What did I learn from this? Well, if a history teacher debates the issue of evolution with someone who has a Ph.D. in it, they will probably lose ... and be convinced. I wonder why CT would publish this? As an advertisement for this man's book, maybe?

Thursday, September 14, 2006

Prosperity Gospel

Is it okay for a Christian to be rich? Well, Paul says in 1 Timothy 6:17-18, "Instruct those who are rich in this present world ..." now, if it wasn't okay to be rich, what would follow; something like "sell all and give to the poor," but Paul doesn't say that ... "not to be conceited or to fix their hope on the uncertainty of riches, but on God, who richly supplies us with all things to enjoy. Instruct them to do good, to be rich in good works, to be generous and ready to share." Nothing about them being evil or in sin because they are rich.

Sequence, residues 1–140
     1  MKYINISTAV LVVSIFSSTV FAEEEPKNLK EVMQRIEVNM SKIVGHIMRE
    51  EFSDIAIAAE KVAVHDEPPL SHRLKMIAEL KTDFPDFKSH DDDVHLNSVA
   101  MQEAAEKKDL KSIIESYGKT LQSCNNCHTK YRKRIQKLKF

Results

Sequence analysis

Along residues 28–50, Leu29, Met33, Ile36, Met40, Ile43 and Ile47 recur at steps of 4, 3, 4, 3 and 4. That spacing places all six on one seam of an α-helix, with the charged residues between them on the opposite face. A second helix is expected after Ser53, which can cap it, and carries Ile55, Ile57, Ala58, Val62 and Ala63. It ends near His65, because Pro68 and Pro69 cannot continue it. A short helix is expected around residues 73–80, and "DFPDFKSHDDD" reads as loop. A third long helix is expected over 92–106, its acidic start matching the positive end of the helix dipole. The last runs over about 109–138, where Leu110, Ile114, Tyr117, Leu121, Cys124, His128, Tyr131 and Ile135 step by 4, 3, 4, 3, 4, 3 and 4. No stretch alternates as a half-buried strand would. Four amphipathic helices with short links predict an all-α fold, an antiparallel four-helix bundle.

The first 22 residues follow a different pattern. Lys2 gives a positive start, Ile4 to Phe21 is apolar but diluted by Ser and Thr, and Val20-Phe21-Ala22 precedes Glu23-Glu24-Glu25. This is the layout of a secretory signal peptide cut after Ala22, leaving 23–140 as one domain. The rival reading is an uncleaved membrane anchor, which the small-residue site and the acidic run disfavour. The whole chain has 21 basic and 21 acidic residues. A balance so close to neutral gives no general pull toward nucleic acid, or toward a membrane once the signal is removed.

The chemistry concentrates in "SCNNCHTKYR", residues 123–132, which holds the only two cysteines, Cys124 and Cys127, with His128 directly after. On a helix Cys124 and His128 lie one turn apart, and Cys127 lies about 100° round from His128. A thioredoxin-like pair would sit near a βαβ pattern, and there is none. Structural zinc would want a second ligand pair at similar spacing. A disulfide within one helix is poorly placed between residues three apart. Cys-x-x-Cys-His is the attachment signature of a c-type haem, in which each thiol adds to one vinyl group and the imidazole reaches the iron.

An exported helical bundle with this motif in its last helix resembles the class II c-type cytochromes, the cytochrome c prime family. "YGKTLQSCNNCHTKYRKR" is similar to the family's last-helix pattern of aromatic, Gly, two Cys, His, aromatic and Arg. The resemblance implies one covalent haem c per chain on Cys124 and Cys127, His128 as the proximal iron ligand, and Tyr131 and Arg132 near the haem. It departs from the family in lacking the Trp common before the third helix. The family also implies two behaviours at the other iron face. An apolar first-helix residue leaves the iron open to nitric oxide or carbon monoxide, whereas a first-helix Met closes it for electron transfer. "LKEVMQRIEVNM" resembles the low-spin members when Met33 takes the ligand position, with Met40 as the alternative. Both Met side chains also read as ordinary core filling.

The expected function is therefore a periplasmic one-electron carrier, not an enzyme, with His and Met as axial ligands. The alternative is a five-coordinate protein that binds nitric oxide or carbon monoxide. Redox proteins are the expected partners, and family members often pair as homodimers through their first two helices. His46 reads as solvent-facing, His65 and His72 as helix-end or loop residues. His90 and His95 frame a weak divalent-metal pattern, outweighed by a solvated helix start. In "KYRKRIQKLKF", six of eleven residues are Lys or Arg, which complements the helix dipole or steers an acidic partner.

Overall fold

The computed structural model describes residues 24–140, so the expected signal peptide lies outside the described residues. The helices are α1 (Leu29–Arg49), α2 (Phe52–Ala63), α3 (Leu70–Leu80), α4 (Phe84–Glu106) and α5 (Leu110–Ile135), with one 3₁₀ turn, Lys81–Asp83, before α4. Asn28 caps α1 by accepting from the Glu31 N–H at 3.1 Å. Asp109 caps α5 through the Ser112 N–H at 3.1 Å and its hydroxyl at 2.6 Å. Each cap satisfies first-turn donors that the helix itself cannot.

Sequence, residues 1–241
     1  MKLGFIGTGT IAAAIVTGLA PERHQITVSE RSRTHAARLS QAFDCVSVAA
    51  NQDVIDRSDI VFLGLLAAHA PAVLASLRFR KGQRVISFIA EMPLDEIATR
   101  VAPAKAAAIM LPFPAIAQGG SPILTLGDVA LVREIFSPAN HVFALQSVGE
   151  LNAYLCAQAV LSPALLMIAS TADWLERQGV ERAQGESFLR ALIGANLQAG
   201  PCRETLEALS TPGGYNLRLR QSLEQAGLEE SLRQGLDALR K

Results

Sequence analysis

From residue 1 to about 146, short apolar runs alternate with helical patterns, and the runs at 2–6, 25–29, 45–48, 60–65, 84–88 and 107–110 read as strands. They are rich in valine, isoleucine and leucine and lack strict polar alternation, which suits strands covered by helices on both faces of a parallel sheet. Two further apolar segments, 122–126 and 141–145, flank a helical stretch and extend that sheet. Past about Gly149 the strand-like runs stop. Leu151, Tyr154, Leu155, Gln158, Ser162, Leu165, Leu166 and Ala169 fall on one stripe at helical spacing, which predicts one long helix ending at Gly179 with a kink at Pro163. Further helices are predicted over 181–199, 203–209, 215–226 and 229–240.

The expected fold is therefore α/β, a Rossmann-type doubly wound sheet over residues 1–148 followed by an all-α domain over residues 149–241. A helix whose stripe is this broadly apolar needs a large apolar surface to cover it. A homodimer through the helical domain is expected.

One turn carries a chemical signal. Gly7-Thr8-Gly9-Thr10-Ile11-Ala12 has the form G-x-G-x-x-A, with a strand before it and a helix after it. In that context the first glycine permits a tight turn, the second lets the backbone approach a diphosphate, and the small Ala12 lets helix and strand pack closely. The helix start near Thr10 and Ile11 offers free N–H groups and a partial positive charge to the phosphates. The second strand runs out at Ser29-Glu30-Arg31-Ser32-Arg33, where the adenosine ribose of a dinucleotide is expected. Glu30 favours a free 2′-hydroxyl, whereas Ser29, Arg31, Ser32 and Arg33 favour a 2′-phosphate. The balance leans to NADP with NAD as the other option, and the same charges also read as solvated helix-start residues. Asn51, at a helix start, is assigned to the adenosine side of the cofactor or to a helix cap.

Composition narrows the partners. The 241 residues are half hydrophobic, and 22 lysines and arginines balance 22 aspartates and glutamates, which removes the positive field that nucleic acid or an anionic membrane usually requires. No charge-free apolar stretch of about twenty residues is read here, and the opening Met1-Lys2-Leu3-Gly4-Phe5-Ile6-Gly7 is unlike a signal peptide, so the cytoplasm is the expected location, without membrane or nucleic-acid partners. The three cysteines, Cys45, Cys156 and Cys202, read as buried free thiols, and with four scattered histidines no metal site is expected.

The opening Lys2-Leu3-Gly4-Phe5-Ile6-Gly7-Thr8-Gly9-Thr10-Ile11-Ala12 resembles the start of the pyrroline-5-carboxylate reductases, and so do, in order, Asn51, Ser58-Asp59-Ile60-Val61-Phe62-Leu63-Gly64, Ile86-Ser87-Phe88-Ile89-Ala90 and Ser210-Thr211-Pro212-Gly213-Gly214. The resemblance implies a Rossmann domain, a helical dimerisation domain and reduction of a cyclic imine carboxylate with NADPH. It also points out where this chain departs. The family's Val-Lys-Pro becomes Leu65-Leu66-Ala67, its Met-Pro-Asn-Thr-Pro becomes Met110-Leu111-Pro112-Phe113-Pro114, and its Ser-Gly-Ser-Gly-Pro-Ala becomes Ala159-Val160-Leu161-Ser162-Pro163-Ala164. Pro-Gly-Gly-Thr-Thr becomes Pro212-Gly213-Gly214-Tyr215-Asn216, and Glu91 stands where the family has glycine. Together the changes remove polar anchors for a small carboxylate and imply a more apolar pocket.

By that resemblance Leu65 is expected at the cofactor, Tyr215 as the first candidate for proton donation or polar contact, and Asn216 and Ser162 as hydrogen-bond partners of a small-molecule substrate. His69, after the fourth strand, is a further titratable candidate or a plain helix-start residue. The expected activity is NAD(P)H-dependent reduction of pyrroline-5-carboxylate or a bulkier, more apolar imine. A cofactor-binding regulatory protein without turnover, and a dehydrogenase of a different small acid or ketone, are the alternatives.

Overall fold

However, the Prosperity Gospel goes from "it is okay to be rich" to "God has planned for all Christians to be rich". A logical jump of mammoth proportions!! Christianity Today online just reported about a recent Time magazine article and they included this about Rick Warren, a non-Prosperity Gospel preacher:

"This idea that God wants everybody to be wealthy?", [Rick] Warren snorts. "There is a word for that: baloney. It's creating a false idol. You don't measure your self-worth by your net worth. I can show you millions of faithful followers of Christ who live in poverty. Why isn't everyone in the church a millionaire?"

CT online says:
"It's smart for Time to make Warren the piece's chief critic of the Prosperity Gospel. (One of his favorite lines, "I don't think it is a sin to be rich. I think it is a sin to die rich," doesn't appear.)"

Go Rick Warren. That was the exact theological, technical word that I was thinking of regarding the Prosperity Gospel: baloney!

Wednesday, September 06, 2006

Jill Briscoe and CT online